Two professors at National Taiwan University yesterday unveiled a nonintrusive way to evaluate the effect of treatment on patients suffering from leukemia.
Tiffany Shih (施庭芳), chairwoman of the department of radiology at the university’s College of Medicine told a press conference that she, professor Tien Hwei-fang (田蕙芬) and their research team had created an innovative model to analyze the effect of leukemia treatment through the use of Dynamic Contrast-Enhanced Magnetic Resonance Imaging (DCE-MRI).
“Traditionally, doctors need to rely on bone marrow punctures to assess the condition of patients suffering leukemia. However, [through this technique] doctors can only obtain a small number of [cell] samples and patients have to endure the pain of the punctures,” Shih said.
“I had been wondering how we could develop a nonintrusive approach,” she said, adding that she found the answer in DCE-MRI after six years of research.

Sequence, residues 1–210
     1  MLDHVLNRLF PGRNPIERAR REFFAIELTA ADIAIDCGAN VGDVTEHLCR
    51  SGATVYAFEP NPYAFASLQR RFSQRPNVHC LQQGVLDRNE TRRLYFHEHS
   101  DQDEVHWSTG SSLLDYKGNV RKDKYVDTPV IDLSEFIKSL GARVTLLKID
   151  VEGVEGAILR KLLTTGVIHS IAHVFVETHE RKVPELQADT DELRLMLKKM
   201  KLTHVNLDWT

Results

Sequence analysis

Shih said doctors would be able to get a large amount of blood flow data from patients by having them take between 10ml and 20ml of an MRI contrast agent before taking a five-minute MRI scan.
“The scan is fast, nonintrusive and can be taken frequently [unlike bone marrow punctures],” she said.
Doctors would be able to access the degree of angiogenesis — the formation of new blood vessels — inside patients’ bone marrow and evaluate the effect of leukemia treatment, she said.
“Blood vessels are to cancer cells what soil is to seeds. Without the new vessels, it would be impossible for cancer cells to receive the nutrients they need,” she said.
Although the new technique would not completely replace bone marrow punctures in leukemia diagnosis, she said, doctors could obtain more information on their patients’ condition at an earlier stage of the illness.
The DCE-MRI technique could also be used to help review the effect of treatment for other types of cancer — such as liver cancer — that involve angiogenesis, she said.
The technique can also be used by doctors to determine whether to give aggressive treatment to patients who have suffered a stroke, she said, adding that doctors would be able to diagnose a patient’s brain cell vitality by evaluating blood flow data.
Shih said the university had completed clinical tests and that the technique would be covered by the National Health Insurance.